One of the most difficult places in the world to get a visa for is Angola.
As collapsing oil production worsens the price slump, a new president is trying to sweep the country clean and open up a bureaucratic, state-run economy. In March, Luanda announced that it would offer visas on arrival for 61 countries including the UAE, one small sign of progress.
The south-west African country gets little attention, but it is the continent’s leading oil producer after Nigeria, and usually China’s second or third-largest oil supplier. It was badly hit by the 2014 collapse in oil prices, when its currency devalued sharply by about 40 per cent against the dollar, and has lost another 28 per cent since the start of this year. Inflation is high at over 20 per cent, and the budget deficit sizeable.
The country is budgeting on the basis of 1.7 million barrels per day (bpd) oil output this year, which it is unlikely to achieve. Higher prices will bail it out for now, but the outlook is gloomy. Following the price collapse, drilling almost dried up and has not revived since. Oil output, at its peak in 2008 at about 1.9 million barrels per day, slumped to 1.53 million bpd in April, 140,000 bpd below its Opec allocation.
That means after Venezuela, Angola is the largest contributor to Opec’s exceeding its target for cuts. Most of its production comes from deepwater fields developed in the early 2000s, which are now mature. Its high-cost oil has been one of the biggest victims of a combined onslaught from US shale and Saudi Arabia’s flirtation with a price war in 2014-16. Luanda’s Opec colleagues will be privately glad that its falling output eases their task. The country, of course, benefits from the pact when it cannot produce above its allocation anyway.
Little relief is in sight: French major Total’s ultra-deepwater Kaombo field will start up in the middle of this year, and keep output flat into next year, but decline will resume after that. Angola’s first liquefied natural gas exports began in 2013 but the plant was shut down repeatedly during 2014-16 due to technical problems. Onshore exploration was off-limits during the 1975-2002 civil war and hampered thereafter by remaining land-mines. A plan to offer areas on-land was cancelled last year and has not resurfaced.
With most production from the north, the country had hoped for major finds from the Kwanza basin, off the central part of the country. This might be the geological twin of Brazil’s famous Santos basin with its giant pre-salt oilfields, separated from the Kwanza by the opening of the Atlantic Ocean. But results so far have been disappointing.
Only Cobalt, a US firm, enjoyed success, finding seven fields in the Kwanza. But it then ran into trouble as state oil company Sonangol backed out of a deal to buy the assets in 2015. Cobalt declared bankruptcy in December over the dispute, before finally reaching a settlement. Now Sonangol, lacking the finance to develop the fields itself, is trying to sell them.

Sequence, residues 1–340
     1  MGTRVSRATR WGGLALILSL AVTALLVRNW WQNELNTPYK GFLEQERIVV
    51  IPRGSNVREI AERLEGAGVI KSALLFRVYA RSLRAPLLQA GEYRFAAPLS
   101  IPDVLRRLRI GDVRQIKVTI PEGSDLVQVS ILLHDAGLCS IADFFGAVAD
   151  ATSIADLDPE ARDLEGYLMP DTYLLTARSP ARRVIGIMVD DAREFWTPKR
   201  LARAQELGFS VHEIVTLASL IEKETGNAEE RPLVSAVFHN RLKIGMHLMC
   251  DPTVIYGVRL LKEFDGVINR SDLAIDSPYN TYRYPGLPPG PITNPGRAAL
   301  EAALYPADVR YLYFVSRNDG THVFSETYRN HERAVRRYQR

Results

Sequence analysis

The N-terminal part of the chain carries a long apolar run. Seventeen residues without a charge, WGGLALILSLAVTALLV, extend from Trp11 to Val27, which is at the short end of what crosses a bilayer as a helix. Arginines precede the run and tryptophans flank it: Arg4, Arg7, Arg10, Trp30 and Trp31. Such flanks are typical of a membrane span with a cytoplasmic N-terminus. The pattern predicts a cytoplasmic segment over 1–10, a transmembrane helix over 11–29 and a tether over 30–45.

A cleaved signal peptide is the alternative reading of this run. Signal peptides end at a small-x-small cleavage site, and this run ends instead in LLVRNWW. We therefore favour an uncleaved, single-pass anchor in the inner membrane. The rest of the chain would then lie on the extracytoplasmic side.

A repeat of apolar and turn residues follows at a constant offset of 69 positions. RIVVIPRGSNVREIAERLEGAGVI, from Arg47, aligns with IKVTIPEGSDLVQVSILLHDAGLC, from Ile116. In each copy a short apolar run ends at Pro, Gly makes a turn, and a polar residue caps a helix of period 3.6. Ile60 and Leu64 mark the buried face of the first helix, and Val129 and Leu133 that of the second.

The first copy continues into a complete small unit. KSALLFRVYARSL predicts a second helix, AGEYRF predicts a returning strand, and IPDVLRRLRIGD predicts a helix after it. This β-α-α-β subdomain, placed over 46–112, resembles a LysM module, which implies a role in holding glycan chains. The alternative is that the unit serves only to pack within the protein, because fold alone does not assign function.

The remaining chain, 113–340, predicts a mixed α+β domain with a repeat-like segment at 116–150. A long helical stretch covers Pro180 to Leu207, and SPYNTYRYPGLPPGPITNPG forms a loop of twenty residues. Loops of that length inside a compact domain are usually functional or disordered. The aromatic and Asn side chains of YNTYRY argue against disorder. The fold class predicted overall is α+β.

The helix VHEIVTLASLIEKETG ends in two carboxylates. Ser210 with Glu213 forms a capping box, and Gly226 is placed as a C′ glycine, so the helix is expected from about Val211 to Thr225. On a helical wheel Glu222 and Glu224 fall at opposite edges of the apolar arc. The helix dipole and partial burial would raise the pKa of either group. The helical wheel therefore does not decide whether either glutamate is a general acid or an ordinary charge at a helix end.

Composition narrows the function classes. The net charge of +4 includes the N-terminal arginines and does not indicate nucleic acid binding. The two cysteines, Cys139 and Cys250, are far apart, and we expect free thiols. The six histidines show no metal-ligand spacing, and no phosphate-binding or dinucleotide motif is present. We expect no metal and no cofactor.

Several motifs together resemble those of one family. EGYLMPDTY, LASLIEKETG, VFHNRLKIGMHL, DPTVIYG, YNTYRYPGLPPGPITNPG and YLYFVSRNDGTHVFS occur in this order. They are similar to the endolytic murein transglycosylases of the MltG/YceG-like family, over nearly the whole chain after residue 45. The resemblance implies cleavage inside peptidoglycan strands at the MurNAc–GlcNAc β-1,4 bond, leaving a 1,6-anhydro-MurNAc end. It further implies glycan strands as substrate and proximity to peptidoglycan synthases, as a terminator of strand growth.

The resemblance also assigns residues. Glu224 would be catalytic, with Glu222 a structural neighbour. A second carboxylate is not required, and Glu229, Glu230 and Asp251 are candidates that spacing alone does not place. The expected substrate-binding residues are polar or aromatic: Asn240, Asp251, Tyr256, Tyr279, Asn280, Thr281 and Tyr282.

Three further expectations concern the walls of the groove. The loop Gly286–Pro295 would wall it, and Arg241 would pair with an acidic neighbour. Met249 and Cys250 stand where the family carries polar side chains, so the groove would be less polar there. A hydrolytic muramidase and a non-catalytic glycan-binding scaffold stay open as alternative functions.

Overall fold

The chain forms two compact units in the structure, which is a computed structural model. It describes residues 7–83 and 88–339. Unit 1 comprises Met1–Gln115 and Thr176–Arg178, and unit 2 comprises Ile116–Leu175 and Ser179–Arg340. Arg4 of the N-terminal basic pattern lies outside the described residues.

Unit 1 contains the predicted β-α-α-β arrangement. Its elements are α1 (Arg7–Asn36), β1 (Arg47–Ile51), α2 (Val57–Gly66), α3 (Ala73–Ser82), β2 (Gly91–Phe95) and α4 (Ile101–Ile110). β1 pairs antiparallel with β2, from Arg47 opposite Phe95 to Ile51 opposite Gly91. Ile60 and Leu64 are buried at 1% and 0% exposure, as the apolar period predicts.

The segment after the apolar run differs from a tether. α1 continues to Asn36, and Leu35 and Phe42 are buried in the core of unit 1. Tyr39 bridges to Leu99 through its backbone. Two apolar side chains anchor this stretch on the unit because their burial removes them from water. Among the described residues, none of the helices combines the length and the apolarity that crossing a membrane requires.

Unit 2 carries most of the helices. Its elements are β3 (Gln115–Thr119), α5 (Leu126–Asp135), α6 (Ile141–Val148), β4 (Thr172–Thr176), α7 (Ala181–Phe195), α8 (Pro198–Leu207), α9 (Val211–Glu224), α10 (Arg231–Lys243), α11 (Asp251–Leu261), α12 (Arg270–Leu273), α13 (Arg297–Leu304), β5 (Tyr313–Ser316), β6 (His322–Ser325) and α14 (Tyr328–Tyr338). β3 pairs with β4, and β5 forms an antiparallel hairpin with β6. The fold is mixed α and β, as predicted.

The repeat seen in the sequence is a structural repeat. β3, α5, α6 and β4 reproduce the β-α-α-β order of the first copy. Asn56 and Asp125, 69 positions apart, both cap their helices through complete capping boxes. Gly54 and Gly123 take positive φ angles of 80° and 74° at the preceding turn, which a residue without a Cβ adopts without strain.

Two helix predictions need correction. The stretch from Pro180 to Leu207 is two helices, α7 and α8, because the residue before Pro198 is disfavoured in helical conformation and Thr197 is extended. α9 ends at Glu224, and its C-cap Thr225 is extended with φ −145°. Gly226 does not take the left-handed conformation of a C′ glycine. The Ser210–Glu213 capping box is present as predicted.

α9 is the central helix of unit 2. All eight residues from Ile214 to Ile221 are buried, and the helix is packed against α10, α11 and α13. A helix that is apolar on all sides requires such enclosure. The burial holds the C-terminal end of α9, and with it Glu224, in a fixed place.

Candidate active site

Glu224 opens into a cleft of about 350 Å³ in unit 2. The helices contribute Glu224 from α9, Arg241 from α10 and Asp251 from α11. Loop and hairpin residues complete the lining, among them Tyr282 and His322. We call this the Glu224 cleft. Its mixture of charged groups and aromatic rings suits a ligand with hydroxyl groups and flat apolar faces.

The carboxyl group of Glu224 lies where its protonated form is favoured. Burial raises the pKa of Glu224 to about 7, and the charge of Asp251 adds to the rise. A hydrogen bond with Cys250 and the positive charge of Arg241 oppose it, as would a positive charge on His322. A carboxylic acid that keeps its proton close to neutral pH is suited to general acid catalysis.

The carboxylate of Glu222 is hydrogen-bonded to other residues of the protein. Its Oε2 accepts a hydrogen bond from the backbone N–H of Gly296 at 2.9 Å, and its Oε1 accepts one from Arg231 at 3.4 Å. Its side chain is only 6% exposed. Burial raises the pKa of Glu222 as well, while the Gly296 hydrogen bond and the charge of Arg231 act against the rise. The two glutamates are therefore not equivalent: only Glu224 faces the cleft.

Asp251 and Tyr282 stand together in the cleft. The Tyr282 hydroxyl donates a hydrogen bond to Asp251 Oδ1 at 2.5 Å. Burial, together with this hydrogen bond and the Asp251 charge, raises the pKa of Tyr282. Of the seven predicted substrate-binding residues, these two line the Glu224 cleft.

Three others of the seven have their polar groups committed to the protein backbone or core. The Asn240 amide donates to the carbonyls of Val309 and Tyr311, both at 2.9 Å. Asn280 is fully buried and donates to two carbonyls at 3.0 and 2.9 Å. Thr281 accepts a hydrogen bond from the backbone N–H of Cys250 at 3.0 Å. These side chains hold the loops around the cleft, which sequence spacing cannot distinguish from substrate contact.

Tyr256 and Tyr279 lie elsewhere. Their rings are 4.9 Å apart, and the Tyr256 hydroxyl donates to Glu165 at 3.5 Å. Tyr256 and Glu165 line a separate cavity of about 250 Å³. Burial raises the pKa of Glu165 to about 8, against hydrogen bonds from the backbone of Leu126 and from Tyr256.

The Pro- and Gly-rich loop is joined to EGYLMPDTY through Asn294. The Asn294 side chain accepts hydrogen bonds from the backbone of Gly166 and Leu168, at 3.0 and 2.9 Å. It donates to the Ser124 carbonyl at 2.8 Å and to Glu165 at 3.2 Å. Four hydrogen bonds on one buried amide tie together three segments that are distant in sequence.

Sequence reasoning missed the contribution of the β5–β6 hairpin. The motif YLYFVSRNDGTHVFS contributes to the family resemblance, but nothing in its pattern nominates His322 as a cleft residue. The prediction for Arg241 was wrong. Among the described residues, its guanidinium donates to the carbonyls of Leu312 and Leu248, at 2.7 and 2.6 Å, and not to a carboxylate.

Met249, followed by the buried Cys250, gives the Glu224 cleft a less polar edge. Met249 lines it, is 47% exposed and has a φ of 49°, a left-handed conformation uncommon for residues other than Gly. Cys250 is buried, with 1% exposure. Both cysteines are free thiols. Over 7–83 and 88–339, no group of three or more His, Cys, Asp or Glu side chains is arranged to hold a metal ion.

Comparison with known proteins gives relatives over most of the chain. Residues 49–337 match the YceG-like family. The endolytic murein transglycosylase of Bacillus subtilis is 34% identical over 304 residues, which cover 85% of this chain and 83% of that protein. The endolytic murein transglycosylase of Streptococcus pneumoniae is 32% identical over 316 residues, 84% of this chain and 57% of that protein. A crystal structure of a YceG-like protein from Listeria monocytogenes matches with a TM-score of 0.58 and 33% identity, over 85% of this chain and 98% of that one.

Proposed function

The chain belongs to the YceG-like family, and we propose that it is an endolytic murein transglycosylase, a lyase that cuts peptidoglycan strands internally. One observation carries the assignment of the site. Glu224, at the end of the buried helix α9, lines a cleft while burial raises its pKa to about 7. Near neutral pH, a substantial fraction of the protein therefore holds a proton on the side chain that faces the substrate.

Amid these financial struggles, Angola has also negotiated a transfer of power. João Lourenço took over as president in September from incumbent José Eduardo dos Santos, who had held the post for 38 years. Although an insider from Mr dos Santos’ party, Mr Lourenço has set about cleaning up corruption. He dismissed Isabel dos Santos, the former president’s daughter and, coincidentally, Africa’s richest woman as head of Sonangol, and his son, Jose Filomeno dos Santos, as chief of the sovereign wealth fund. Jose dos Santos has been charged with a $1.5 billion fraud.
The crackdown has gone further than most Angolans expected. Still, it is early days; the new president could still run into opposition from other members of the elite, may halt at merely cosmetic changes, or may seek to redirect the wealth to his own circle. Alongside graft, the economy suffers from currency controls, bureaucracy and capricious taxation.
With no signs of a rebound in the oil business, Luanda needs to kick-start other sectors. The country is a leading diamond producer, has previously mined iron ore and has many other resources including agricultural land, hydroelectric power potential and untapped tourist attractions.
Angola’s experience may be relevant for other resource-dependent countries across Africa. Its Portuguese-speaking peer on the other side of the continent, Mozambique, also endured a lengthy post-colonial civil war. After making large gas discoveries, it took on undisclosed debts, then defaulted. It is yet to start production.
Nigeria, the continental powerhouse, has come through a painful recession and a halving in value of its currency. Unlike Angola, it has been able to increase oil production and has scope for more, as well as the potential of its huge gas resources, but the non-oil economy is still struggling. However, it is far more diversified than Angola. Conversely, Gabon, Equatorial Guinea and the Republic of Congo, all ruled by long-time leaders or dynasties, are even more dependent on oil than Angola.
Mr Lourenço faces a tough task: reviving investment in the energy sector; continuing the anti-corruption drive; and transforming the rest of the economy. At least his challenge is clearer than for other countries whose oil industries are still growing.
For Luanda, diversification is an imperative, not a choice.
Robin M. Mills is CEO of Qamar Energy, and author of The Myth of the Oil Crisis